System maintenance is even more like a Mac. For instance, like Mac OS and Windows 10, the OS lets me know when there are software updates available and prompts me to upgrade. All I have to do is enter my credentials and the OS takes care of everything for me. In the “good old days” of using Linux, I had to monitor the web and Usenet for software updates, then download and compile them from source code.
Those days are gone.
There’s also an “app store” called Pop!_Shop where you can find a curated catalog of commonly used Linux software. Again, all updates are managed by the OS, just like Mac OS or Windows 10.
Why not just get a new Mac or a faster Chromebook?
A new Mac is overkill for my personal computing needs. I love my MacBook Pro and would be happy to be able to use it as my daily driver again, but I don’t see that happening any time soon.
A faster Chromebook would serve my usual needs, but why spend just about as much on a high-performance Chromebook to only have the limited functionality of Chrome OS? (Comparison: Google PixelBook vs. Dell Inspiron 7000)
A Linux laptop running Pop!_OS fits squarely in between an under-powered, education-oriented Chromebook and a new MacBook at a much more competitive price. I get high-performance access to my cloud services but can also occasionally run Gimp for image editing or OpenShot for a quick video edit.
My biggest complaint has been battery life. Again, the battery performance claims for this machine are based on Windows 10 with drivers designed specifically for this hardware. It took me a bit of Googling to learn about modern Linux battery management before I could get the machine to run longer than a couple of hours on a charge. In addition to the Pop!_OS battery management tools (which are pretty good), I eventually installed TLP and TLPGUI for more advanced battery management. After a few weeks of use with this setup, I’ve found battery life to be more than acceptable.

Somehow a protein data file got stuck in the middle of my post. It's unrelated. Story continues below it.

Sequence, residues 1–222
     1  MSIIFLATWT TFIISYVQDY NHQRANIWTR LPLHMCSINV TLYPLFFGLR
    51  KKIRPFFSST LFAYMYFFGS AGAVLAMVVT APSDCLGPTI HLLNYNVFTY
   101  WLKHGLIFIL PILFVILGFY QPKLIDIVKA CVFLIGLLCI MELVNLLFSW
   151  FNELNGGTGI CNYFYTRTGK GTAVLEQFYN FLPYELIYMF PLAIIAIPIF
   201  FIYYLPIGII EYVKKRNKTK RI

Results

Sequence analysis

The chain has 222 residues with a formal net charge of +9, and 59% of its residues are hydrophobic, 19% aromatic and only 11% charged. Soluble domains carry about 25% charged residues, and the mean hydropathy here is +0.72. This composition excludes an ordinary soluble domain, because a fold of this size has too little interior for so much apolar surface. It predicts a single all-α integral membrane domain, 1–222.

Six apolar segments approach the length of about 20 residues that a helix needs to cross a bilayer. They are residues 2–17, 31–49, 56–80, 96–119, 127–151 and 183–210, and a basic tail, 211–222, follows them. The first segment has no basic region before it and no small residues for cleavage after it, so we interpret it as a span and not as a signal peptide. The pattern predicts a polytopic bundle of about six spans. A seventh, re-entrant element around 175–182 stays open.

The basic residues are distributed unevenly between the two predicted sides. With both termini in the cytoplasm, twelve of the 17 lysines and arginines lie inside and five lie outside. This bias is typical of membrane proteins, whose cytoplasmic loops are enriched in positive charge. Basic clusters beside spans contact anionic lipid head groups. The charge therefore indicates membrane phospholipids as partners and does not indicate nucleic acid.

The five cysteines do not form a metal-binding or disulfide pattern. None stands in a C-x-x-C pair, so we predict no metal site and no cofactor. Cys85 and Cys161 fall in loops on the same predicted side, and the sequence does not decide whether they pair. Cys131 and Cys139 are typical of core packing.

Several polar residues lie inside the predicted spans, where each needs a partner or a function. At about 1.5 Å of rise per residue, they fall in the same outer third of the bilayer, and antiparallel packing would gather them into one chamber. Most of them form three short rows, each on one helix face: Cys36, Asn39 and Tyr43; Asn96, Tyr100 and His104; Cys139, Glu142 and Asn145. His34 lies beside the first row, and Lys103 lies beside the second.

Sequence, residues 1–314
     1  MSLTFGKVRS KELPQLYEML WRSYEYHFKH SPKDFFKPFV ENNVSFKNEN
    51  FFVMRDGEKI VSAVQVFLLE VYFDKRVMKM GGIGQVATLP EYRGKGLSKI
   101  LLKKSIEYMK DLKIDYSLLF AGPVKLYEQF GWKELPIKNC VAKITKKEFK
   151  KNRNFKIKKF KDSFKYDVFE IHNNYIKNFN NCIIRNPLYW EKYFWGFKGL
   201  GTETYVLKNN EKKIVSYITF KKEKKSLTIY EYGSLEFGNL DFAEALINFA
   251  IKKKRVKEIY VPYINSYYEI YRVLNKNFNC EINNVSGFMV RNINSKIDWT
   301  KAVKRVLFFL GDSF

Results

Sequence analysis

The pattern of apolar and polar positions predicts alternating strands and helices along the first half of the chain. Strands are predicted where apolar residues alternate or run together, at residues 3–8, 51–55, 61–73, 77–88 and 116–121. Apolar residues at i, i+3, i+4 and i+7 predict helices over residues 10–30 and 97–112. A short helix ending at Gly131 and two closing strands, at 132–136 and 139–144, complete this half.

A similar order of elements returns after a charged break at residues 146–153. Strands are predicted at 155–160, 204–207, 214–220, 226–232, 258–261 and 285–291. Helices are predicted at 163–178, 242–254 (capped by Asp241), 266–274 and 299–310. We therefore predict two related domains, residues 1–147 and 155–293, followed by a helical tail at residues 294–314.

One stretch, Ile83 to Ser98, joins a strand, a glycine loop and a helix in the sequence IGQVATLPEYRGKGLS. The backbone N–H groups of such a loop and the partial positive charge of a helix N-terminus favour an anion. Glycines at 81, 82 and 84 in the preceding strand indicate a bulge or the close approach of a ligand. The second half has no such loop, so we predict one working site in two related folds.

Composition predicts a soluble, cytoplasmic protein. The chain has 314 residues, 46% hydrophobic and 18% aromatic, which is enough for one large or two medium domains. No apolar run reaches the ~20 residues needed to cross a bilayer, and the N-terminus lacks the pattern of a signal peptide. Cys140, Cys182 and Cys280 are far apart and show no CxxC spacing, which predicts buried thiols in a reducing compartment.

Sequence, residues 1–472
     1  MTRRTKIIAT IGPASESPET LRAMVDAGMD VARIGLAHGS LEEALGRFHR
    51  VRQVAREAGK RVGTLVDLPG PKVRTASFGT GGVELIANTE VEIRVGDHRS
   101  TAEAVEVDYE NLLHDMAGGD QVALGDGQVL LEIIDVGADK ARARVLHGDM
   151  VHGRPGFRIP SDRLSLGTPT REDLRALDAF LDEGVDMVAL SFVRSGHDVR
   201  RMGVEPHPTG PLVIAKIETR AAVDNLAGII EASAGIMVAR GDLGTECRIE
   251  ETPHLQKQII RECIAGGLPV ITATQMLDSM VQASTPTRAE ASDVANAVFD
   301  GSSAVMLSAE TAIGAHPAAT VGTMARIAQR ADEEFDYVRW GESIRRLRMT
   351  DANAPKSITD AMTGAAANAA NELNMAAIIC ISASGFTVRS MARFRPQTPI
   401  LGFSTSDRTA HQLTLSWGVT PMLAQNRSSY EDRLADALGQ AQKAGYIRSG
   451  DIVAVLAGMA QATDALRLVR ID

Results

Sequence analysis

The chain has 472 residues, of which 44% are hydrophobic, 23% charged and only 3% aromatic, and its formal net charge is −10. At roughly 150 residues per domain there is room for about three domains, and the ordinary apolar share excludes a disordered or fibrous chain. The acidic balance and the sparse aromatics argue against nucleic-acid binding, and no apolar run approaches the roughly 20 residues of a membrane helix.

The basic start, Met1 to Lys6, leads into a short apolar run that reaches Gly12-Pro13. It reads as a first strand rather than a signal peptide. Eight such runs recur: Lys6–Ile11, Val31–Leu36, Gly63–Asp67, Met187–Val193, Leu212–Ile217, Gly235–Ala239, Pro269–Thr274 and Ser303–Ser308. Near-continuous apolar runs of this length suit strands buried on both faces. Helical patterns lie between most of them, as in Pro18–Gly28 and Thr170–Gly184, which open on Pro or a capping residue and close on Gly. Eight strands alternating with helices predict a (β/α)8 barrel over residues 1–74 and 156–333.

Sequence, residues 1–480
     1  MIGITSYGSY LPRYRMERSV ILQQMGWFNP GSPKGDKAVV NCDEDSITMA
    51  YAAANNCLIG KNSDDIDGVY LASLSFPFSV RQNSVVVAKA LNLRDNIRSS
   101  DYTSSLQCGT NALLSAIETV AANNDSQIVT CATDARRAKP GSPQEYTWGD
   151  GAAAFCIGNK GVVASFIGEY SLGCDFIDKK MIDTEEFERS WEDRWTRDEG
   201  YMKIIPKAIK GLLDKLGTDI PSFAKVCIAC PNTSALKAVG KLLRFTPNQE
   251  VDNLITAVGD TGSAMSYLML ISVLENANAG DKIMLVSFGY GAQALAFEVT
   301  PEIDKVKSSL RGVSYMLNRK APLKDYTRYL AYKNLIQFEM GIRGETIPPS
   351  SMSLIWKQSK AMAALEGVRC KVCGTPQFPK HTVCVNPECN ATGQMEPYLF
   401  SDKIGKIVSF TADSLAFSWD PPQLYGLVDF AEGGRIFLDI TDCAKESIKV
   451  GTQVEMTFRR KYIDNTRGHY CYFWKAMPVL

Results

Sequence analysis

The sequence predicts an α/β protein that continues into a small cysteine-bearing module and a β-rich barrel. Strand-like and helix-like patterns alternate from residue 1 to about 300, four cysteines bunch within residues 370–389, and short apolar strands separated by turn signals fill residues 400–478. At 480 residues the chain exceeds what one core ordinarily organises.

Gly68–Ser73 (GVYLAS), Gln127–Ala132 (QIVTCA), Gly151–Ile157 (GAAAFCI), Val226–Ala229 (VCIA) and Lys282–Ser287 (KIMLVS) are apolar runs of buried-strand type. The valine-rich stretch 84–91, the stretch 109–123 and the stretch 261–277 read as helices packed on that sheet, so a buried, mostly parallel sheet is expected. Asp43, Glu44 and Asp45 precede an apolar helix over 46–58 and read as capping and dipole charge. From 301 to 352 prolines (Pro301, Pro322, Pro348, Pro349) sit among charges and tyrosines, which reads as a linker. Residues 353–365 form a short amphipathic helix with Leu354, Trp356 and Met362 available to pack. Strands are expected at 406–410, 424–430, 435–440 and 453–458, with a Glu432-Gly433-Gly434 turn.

Is this setup right for you?
If you’re like me and most of your personal computing is cloud-based (or could be), I think you’d be surprised how much of your needs can be met by a set up like this.
Sure, you might not want to go through the hassle of tweaking the BIOS settings to get Linux to install, but really, once that’s done, installation is just like Mac OS or Windows 10. (You could also buy a machine preloaded with Pop!_OS from System76 but that option is not as attractive – both in cost and design – as a PC from a major OEM.)
If you prefer Mac OS-style computing, you can install a desktop environment that looks and behaves almost exactly like the Mac. Ditto for Windows. You can run your favorite browser (even if your favorite browser is Microsoft Edge) to work with G Suite, Office 365 Online – even Apple iCloud.
That’s because using Pop!_OS is easy. If I set up a PC for my wife running Pop!_OS, she could complete her usual tasks with almost no learning curve. But she’s definitely not the sort of person to figure out how to get the PC to accept the installation. It’s not her thing.
Maybe there’s a cottage industry in setting up user-friendly Linux installations on a device that a customer already owns? Probably not enough mass appeal there, but it’s an interesting idea.
If you want a quick run through of Pop!_OS you can watch the short video below. There are plenty of others on YouTube but they’re mostly reviews by Linux geeks, for Linux geeks.